How We're Changing Our Focus And Investing In Growth After COVID-19

Published: July 15th, 2020
Kyle Golding
Vorttx Training a...
from Oklahoma, USA
started August 2016
Discover what tools Kyle recommends to grow your business!
Discover what books Kyle recommends to grow your business!
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Hello again! Remind us who you are and what business you started.

Kyle Golding, co-founder, and CMO of VORTTX Training and Testing SaaS virtual emergency response training system for long-term healthcare facilities. VORTTX is a yearly subscription service that my business partner Tadd Weese and I started in 2016. The VORTTX platform allows individuals and groups to participate in variable simulations of emergency response situations to train, test, and update the staff of long-term healthcare facilities. We sell the system directly to operators and management teams at long-term care facilities like nursing homes, senior centers, and hospice care. VORTTX Training And Testing were named the 2018 winner of the Best Compliance Solution in Clinical and Health Administration award. The award is given annually by MedTech Breakthrough, an independent organization that recognizes the top companies, technologies, and products in the global health and medical technology market.

Although VORTTX was well-received upon the launch in 2016 and continually grew throughout the following 3 years, the onset of the COVID-19 coronavirus in the first quarter of 2020 has had a staggering effect on our current sales.


Tell us about what you’ve been up to! Has the business been growing?

Before COVID-19, VORTTX was doing well with good adoption rates, great reviews plus repeat customers from the first year to the second year, and even starting third-year renewals. AS a side-hustle, we did some paid advertising and attending industry trade shows but ultimately settled into direct email marketing, social media, word-of-mouth, and public relations tactics to keep costs low but still effective.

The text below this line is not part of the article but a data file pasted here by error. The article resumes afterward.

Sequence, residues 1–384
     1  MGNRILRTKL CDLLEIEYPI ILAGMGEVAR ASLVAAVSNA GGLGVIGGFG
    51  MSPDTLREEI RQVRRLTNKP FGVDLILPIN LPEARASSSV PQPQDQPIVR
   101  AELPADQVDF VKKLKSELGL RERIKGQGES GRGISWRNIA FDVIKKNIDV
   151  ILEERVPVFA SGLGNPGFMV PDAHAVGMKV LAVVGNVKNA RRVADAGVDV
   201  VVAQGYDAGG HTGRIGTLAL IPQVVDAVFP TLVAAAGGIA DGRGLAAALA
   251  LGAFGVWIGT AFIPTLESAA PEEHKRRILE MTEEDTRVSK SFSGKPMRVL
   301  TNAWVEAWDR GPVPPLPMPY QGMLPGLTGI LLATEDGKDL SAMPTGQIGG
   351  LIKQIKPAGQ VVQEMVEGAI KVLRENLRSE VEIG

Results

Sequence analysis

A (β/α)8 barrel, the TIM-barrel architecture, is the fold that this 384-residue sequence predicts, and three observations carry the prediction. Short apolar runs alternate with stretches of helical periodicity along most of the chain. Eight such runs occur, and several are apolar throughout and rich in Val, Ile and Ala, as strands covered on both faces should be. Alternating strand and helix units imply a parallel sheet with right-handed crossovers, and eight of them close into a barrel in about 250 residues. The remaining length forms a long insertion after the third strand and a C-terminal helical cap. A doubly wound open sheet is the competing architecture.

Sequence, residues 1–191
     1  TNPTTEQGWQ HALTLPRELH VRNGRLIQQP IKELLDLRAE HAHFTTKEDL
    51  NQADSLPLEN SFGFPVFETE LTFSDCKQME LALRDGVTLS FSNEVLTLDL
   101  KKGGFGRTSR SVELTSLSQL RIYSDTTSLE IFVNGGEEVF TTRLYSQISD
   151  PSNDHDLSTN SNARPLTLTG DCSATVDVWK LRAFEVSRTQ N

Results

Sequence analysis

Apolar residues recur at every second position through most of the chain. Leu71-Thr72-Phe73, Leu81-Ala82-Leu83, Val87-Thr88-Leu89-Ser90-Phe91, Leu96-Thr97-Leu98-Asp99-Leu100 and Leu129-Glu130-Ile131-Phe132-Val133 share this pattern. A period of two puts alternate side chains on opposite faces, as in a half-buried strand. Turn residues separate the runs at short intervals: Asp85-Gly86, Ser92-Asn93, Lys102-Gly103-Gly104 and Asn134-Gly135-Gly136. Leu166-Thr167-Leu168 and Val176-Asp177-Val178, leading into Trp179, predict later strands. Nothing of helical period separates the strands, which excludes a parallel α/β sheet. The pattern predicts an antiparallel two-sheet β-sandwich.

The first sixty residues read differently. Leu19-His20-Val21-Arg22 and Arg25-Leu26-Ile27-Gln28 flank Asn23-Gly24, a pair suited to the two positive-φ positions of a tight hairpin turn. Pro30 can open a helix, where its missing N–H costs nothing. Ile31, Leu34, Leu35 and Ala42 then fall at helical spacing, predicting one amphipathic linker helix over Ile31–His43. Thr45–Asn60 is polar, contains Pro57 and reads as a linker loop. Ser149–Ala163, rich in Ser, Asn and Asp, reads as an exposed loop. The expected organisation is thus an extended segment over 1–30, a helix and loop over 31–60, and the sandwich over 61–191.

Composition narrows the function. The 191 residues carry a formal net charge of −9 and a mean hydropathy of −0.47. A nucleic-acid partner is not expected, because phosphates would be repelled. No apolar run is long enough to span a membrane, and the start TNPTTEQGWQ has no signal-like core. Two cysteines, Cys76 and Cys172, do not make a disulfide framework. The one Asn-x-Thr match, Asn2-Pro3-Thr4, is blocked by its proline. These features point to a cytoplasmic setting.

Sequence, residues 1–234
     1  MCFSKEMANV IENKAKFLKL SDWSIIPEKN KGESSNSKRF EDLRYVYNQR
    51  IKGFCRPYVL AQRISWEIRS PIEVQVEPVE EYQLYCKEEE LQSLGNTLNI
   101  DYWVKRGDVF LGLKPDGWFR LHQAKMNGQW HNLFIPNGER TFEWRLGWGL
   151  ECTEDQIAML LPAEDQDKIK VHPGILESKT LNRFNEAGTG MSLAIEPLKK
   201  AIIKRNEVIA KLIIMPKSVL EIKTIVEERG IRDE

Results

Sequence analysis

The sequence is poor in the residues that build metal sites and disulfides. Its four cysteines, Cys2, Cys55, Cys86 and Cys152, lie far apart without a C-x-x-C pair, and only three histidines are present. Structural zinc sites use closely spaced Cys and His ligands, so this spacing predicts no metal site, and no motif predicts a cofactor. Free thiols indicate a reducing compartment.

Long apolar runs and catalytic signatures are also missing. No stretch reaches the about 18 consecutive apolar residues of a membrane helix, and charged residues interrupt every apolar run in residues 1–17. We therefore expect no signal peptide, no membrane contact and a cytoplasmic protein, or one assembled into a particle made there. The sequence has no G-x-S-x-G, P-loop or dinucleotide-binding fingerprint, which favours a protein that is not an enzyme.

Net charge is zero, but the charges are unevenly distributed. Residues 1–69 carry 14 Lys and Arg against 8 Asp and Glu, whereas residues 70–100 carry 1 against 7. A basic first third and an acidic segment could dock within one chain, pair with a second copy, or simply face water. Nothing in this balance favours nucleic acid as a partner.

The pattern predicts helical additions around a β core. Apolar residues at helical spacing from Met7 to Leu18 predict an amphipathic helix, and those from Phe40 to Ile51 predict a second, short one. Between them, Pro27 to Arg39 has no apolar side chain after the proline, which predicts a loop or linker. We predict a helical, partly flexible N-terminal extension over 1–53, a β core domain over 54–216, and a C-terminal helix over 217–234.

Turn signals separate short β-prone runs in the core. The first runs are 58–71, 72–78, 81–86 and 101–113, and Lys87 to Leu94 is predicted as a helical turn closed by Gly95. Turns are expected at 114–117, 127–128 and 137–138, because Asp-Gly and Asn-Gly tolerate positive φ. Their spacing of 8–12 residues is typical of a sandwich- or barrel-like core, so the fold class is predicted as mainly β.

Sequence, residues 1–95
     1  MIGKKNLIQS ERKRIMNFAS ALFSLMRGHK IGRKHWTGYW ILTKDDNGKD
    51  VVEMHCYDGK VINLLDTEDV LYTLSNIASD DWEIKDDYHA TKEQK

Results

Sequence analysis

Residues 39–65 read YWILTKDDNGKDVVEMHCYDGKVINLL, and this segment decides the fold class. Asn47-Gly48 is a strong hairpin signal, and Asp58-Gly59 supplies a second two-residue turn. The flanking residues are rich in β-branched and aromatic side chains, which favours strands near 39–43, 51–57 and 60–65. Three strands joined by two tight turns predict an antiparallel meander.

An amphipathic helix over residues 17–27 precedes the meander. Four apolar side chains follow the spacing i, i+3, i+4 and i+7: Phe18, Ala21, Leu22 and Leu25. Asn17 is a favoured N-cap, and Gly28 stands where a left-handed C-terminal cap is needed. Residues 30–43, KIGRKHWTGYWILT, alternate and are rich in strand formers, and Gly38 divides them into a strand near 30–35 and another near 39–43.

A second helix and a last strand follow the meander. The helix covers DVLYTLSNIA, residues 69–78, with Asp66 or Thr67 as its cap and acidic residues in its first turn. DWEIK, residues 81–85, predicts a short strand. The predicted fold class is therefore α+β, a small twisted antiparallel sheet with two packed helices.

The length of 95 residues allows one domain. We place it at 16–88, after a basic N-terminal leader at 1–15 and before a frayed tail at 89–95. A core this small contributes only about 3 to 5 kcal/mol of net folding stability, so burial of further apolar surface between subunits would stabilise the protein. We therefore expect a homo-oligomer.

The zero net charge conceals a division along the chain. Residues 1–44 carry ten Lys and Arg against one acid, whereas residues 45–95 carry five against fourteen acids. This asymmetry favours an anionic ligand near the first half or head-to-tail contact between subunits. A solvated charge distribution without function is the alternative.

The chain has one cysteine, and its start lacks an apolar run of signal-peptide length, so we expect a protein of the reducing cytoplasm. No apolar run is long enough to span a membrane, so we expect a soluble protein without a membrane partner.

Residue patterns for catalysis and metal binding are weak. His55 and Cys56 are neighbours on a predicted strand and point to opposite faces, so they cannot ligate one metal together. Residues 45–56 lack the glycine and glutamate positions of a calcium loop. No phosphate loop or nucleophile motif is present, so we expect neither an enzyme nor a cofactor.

We also began working on an eventually “phase 2” service offering of additional services. This was part of the original launch idea of reinvesting all sales into developing VORTTX into a full suite of SaaS with integrated services for long-term healthcare along with short-term, hospitals, and private practices.

With the Medtech Breakthrough award in 2018, we revamped the website, offered more instruction and industry data via email, and refined our current offering because VORTTX was doing well. We maximized the award with new PR, a major push across our social media channels (Facebook, Twitter, LinkedIn), and updated our website with a new language, photography, and additional graphics.

My co-founder and I kept our day jobs (he is the Director of Operations for a long-term care facility and I run a business development and marketing firm) and let VORTTX run on “cruise control”. We are working on a resource library of articles and blog posts which we will offer subscribes as a value-added bonus.

The VORTTX user feedback has been very positive, with minimal complaints. We have many requests for additional services and options, but we have stayed focused on a similar approach which presents fewer “bugs” to keep operating at expected levels. We had plans for major updates in 2020, but then coronavirus completely changed the healthcare industry almost overnight.


What have been your biggest lessons learned in the last year?

We definitely were not prepared for COVID-19. We took a long view of developing VORTTX as a bootstrapped side hustle. There have been times over the last 4 years when we didn’t pay much attention to VORTTX as we should have and would have if this was our main professional focus. Our relaxed attitude was fine when things were going well, but now we might lose a whole year in just a few months due to the coronavirus. The medical system will not recover anytime soon. Budgets, spending, and investment in non-COVID training will be highly scrutinized, delayed, or put off altogether for the foreseeable future.

Adopt new business ideas or processes to make what you have in place work, even if it’s not profitable.